All eyes should watch what role Samsungs’ lobbyists play in garnering votes for the proposed $200 billion naval construction budget in the coming days and weeks ahead.
The relationship between companies and the South Korean government have been very cozy since the dictatorship of Park Chung-hee in the 1960s when this model of starting large companies with government funding was first born.
His daughter, Park Gueng-hee was just elected president in December 2012. While public opinion’s now mostly negative view of Samsung and other big companies did prompt the presidential candidates to suggest they would make efforts to reign in big companies,[iv] it is unlikely that Ms. Park will put a stop to the base construction. Columban Father Pat Cunningham, who directs JPIC ministries in South Korea, had this take on the elections:
“On the face of it her election as the first female president seems like a milestone in a very male-dominated culture. While breaking through the proverbial glass ceiling for women could indeed be a golden opportunity for her to improve the standing of her fellow countrywomen- let’s wait and see! However, for the younger generation she embodies a throwback to the old days of her father, the notorious military ruler Park Chung-hee and the two military rulers who succeeded him.
Their regimes are dominated by stories of human rights abuses, imprisonment, torture, and in some cases, death sentences for people they saw as threats to their authority.
President elect Miss Park is known for her infamous remark of wanting to turn Jeju Island- “the island of peace” into another Hawaii. But Hawaii was so badly contaminated by a naval base that it had to import all its food from the mainland. The villagers clearly don’t want another Hawaii, but Miss Park believes that the future of the village must be sacrificed at the altar of national security interests undermining the local community and destroying the deep and sacred connection the people have with the local environment. She has never visited the village or offered any semblance of support or sympathy to the people in their herculean struggle to save their traditional way of life and preserve their natural environment.”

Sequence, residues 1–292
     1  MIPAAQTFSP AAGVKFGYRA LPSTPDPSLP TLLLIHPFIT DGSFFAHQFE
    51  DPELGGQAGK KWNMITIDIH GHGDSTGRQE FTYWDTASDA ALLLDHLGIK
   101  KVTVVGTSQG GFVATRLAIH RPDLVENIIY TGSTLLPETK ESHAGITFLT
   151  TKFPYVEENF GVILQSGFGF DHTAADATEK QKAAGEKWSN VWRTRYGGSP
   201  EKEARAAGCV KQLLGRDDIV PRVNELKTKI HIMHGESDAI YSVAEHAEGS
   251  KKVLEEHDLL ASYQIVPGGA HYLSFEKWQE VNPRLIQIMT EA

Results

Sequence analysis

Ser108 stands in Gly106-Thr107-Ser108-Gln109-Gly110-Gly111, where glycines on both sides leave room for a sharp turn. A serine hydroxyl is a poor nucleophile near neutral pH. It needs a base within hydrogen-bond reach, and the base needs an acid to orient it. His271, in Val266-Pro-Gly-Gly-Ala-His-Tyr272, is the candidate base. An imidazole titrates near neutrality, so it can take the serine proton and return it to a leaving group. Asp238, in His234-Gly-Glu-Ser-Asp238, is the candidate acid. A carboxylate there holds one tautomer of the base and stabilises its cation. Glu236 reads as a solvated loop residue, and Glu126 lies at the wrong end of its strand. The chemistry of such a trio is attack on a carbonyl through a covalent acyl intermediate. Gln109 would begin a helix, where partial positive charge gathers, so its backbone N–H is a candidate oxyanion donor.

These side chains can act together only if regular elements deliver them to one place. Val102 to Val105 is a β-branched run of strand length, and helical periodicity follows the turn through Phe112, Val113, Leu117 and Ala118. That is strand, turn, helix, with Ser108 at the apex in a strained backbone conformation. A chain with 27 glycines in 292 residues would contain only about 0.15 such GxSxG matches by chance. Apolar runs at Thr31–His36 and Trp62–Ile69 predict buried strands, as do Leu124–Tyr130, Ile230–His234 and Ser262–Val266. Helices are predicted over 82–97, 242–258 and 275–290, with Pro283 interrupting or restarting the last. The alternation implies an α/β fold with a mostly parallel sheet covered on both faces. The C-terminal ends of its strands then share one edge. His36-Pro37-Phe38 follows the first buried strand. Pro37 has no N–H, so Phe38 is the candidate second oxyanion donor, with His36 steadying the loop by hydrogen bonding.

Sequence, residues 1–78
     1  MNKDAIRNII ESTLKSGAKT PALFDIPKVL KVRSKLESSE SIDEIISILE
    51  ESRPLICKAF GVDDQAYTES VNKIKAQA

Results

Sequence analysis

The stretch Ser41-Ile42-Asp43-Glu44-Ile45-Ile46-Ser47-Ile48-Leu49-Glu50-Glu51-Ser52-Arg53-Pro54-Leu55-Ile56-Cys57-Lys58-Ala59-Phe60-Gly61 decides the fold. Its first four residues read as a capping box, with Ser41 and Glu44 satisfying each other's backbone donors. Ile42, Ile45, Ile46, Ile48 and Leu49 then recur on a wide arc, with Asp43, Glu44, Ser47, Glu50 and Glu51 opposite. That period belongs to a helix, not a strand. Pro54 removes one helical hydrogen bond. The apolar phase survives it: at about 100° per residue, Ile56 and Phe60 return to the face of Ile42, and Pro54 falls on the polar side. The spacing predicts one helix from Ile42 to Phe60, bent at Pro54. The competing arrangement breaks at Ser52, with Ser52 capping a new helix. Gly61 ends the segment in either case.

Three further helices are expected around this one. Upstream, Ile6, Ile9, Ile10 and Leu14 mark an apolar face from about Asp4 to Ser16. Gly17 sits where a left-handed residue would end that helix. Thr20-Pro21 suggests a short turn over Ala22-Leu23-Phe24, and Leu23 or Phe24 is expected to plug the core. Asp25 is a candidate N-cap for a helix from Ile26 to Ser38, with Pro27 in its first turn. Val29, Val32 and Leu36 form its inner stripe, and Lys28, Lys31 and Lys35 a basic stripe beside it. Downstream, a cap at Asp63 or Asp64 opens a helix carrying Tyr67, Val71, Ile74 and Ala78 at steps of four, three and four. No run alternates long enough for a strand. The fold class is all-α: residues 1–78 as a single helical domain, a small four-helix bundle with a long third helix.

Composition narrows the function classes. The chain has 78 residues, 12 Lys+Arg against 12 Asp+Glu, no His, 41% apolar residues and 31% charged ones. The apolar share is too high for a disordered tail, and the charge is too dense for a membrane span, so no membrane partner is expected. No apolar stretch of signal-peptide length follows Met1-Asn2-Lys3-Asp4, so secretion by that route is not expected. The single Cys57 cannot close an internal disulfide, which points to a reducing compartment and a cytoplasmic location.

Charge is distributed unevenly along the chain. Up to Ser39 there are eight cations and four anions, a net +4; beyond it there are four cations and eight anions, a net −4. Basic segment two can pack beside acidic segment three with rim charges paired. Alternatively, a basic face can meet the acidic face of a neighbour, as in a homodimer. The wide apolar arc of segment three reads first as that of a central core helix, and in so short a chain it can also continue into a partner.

Currently the biggest issue for the opposition movement is putting a stop to the $200 billion earmarked for the base construction. Father Pat described some of the activities underway:
“The most pressing pre- and post-election issue is getting the $200 million budget earmarked for the base construction in 2013 cut, or at least cut to the point of stalling the 24-hour breakneck pace of construction work. Before the election a number of activists including Fr. Mun Jong Hyen, the Mayor of Gangjeong, and a number of Jesuit Priests participated in a fast and head shaving ceremony outside the National Assembly and in Gangjeong. They are condemning the way the ruling Saenuri party (New Frontier Party- the party of Ms. Park) members of the national defense budget committee unilaterally railroaded the 2013 budget through the preliminary phase without any debate or consultation with opposition party members.
The final decision rests with the 50 members of the Budget and Balance Committee in the National Assembly, which is dominated by the Saenuri party with a 27 to 23 margin. This crucial decision that could decide the fate of the base and the future of the villagers and the coastal environment is due any day soon. Activists and village leaders have been doing peace bows in front of the National Assembly, Seoul, since December 24th and with the final day of talks (December 29th) having come and gone, the nervousness will continue into next week.”
What you can do
Weigh in with your faithful voice! Call on the Korean Embassy to stop the construction of the military base. Click here for a letter you can email or fax to the Korean Embassy.
[i] Fellowship of Reconciliation. http://forusa.org/blogs/linda-kelly/save-jeju-island/10111. Accessed 1/3/13.
[ii] “In South Korea, the Republic of Samsung.” Washington Post. http://www.washingtonpost.com/world/in-s-korea-the-republic-of-samsung/2012/12/09/71215420-3de1-11e2-bca3-aadc9b7e29c5_story_1.html. Accessed 1/3/12.